Thus, I think it is quite reasonable to use long as the "regular" signed integral type, when you don't need a range bigger than +/- (2^15 - 1), or a particular width.

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By normal usage of the term, the word size on x86 is 64 bits; but in practice int is always 32 bits for backward compatibility. In what sense would you say x86 has a word size of 32 bits? What operations are more efficient in 32 bits? – rwallace Sep 25 '10 at 6:32
    
@rwallace, that's certainly not true. Both ILP64 and SILP64 have both been implemented, and they both have 64-bit ints. I'm not qualified to speak in depth about x86 performance. But I don't think 32-bit values will have worse performance on x86_64. So the general (not intended for any specific architecture) rule I stated still applies. – Matthew Flaschen Sep 25 '10 at 6:39
    
Right, unqualified always was the wrong term; what I mean is that int=32 bits is the mainstream, if you run e.g. Microsoft C++ under Windows or GCC under Linux, you'll get 32-bit int regardless of the CPU. And there are cases where 32 bits has worse performance on x64, e.g. because of needing to expand to 64 bits before using as an offset. The hard question seems to be whether 32 bits ever has better performance. – rwallace Sep 25 '10 at 6:49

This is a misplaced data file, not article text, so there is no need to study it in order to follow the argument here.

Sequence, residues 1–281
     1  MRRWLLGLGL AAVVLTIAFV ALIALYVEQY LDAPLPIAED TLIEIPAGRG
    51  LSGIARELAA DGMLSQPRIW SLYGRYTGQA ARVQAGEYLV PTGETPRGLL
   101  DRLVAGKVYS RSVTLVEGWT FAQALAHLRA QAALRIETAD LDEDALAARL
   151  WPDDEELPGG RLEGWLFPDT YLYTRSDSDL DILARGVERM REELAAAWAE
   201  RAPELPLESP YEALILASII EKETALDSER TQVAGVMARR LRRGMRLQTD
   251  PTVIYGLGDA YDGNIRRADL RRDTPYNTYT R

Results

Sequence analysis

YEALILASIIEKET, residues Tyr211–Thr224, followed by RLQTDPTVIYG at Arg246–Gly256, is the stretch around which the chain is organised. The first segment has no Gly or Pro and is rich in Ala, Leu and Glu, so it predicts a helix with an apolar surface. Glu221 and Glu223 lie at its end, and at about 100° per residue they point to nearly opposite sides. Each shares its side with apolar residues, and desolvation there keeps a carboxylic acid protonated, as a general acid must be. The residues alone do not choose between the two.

@rwallace, @Matthew: If you one day you want to have integer types of 5 different width (8,...,128) with standard types, int will be fixed to be 32 bit, there is not much choice. – Jens Gustedt Sep 25 '10 at 7:46

Using size_t "for counts" and as a generic unsigned integer type is almost always a design error. size_t is only enough to hold the size of the largest continuous object supported by the platform. This immediately means that it can be fairly reasonably used as a count of bytes in an object or a count (or index) of elements in an array (since array is always a continuous object). But once we get rid of the continuity requirement, size_t no longer works. You can't meaningfully use size_t to count elements in a linked list, since in general case the range of size_t will not be sufficient.

Of course, using size_t for such purposes is also wrong conceptually. size_t implements the concept of object size, not the concept of object count. Using size_t for array indexing is only justified for abstract arrays. Using size_t for indexing concrete application-specific arrays is, well, weird.